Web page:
How to Check for Gap Insurance on Your Leased Vehicle

If you are leasing a vehicle, then you may already have gap insurance. Many leased vehicles include gap insurance as part of your ordinary monthly payment.

Before buying third-party gap insurance, check if you already have gap insurance. Otherwise, you may be buying extra, unnecessary coverage.

Here’s how to check if you already have gap insurance on a leased vehicle:

  1. Check your lease agreement and look for any mentions of gap insurance
  2. Contact your dealership or financing company and ask if you have gap coverage

If your lease doesn’t require gap insurance or include gap insurance, then it may still be worth it to buy gap insurance.

Should I Buy Gap Insurance on My Leased Vehicle?

Many drivers buy gap insurance on leased vehicles for peace of mind. Gap insurance could save you thousands of dollars after a total loss insurance claim. It can help you avoid paying thousands of dollars out of pocket because of a single mistake.

Some of the things to consider when buying gap insurance include the following:

Does your lease require gap insurance? First and most importantly, check if your lease requires gap insurance.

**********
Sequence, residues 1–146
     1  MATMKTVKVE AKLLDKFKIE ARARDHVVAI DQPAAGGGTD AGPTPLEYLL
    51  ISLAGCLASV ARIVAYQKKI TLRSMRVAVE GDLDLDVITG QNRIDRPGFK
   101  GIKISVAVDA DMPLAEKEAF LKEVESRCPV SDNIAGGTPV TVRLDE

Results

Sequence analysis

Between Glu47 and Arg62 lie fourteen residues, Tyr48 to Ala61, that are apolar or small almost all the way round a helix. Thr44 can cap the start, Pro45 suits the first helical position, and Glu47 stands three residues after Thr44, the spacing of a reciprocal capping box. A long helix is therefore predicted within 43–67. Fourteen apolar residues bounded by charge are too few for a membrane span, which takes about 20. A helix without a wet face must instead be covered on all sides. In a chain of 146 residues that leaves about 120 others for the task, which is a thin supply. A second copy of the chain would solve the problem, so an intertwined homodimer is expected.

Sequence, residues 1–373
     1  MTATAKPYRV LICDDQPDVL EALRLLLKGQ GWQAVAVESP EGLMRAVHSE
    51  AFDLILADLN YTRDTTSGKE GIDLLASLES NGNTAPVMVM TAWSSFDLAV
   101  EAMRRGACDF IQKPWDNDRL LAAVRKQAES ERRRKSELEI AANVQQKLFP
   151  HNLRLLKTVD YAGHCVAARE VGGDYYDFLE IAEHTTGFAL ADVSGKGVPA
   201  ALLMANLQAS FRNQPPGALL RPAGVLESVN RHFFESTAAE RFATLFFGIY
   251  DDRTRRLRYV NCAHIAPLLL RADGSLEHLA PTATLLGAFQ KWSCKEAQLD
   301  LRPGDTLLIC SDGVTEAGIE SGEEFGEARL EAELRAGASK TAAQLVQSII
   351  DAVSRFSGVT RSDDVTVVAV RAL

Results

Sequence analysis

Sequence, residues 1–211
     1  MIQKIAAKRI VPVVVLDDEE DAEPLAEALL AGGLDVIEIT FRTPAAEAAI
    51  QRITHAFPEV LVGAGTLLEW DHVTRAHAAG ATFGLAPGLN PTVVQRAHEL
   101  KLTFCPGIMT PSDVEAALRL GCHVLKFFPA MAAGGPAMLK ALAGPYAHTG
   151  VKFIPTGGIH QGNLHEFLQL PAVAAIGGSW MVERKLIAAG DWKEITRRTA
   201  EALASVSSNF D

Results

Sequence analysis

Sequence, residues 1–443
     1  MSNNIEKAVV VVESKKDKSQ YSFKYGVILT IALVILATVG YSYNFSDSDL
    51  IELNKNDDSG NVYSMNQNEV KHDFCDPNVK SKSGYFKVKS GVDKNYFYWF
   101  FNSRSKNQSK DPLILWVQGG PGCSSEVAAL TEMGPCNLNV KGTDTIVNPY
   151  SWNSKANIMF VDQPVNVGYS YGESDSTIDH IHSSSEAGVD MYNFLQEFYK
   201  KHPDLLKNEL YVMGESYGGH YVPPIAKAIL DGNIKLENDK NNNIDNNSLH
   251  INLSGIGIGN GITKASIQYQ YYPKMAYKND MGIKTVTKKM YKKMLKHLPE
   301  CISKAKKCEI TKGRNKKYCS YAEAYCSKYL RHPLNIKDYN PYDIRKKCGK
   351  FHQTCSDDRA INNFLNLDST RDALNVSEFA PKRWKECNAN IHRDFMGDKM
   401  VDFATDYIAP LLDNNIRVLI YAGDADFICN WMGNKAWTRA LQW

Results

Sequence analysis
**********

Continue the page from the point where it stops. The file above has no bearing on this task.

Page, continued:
How much was your down payment? If you made a small down payment for your leased vehicle, then gap insurance is more valuable. A small down payment means larger monthly lease payments and a greater balance remaining at the end.

How long is your lease term? Similarly, if you have a long lease term, you could owe a significant amount for your leased vehicle. If you get into a major accident within the first few months of leasing the vehicle, then you could be left with thousands of dollars in extra costs.

Are you leasing a luxury car or other specialty vehicle? Some cars depreciate faster than others. If you are leasing a luxury car or a truck, for example, then your vehicle might depreciate significantly as soon as you begin leasing it, which makes gap insurance more valuable.

How much money do you owe on the lease? If the value of the lease is less than your car’s actual cash value, then you don’t need gap insurance. Gap insurance is designed to cover the gap between a vehicle’s actual cash value and the amount owing on the lease. After a few years of leasing a vehicle, there may not be a gap, which makes gap insurance unnecessary.